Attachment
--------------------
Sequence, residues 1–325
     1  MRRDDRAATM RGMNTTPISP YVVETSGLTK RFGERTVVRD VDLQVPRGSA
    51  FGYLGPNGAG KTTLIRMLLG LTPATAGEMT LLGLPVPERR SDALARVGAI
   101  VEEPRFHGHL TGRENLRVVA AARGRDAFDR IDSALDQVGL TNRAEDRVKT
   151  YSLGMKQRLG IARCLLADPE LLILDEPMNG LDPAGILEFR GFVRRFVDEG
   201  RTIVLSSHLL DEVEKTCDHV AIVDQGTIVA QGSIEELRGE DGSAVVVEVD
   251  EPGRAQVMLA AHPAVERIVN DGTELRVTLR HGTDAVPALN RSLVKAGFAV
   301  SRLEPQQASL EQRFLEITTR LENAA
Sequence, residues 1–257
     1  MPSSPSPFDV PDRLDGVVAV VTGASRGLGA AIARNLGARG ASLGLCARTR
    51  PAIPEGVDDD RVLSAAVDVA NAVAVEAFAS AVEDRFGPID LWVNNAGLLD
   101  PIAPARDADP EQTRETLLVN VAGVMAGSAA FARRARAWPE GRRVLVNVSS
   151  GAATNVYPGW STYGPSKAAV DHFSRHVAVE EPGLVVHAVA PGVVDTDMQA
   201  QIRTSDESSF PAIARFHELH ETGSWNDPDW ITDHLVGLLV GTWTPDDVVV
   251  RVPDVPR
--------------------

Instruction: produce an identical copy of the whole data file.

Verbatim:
Sequence, residues 1–325
     1  MRRDDRAATM RGMNTTPISP YVVETSGLTK RFGERTVVRD VDLQVPRGSA
    51  FGYLGPNGAG KTTLIRMLLG LTPATAGEMT LLGLPVPERR SDALARVGAI
   101  VEEPRFHGHL TGRENLRVVA AARGRDAFDR IDSALDQVGL TNRAEDRVKT
   151  YSLGMKQRLG IARCLLADPE LLILDEPMNG LDPAGILEFR GFVRRFVDEG
   201  RTIVLSSHLL DEVEKTCDHV AIVDQGTIVA QGSIEELRGE DGSAVVVEVD
   251  EPGRAQVMLA AHPAVERIVN DGTELRVTLR HGTDAVPALN RSLVKAGFAV
   301  SRLEPQQASL EQRFLEITTR LENAA
Sequence, residues 1–257
     1  MPSSPSPFDV PDRLDGVVAV VTGASRGLGA AIARNLGARG ASLGLCARTR
    51  PAIPEGVDDD RVLSAAVDVA NAVAVEAFAS AVEDRFGPID LWVNNAGLLD
   101  PIAPARDADP EQTRETLLVN VAGVMAGSAA FARRARAWPE GRRVLVNVSS
   151  GAATNVYPGW STYGPSKAAV DHFSRHVAVE EPGLVVHAVA PGVVDTDMQA
   201  QIRTSDESSF PAIARFHELH ETGSWNDPDW ITDHLVGLLV GTWTPDDVVV
   251  RVPDVPR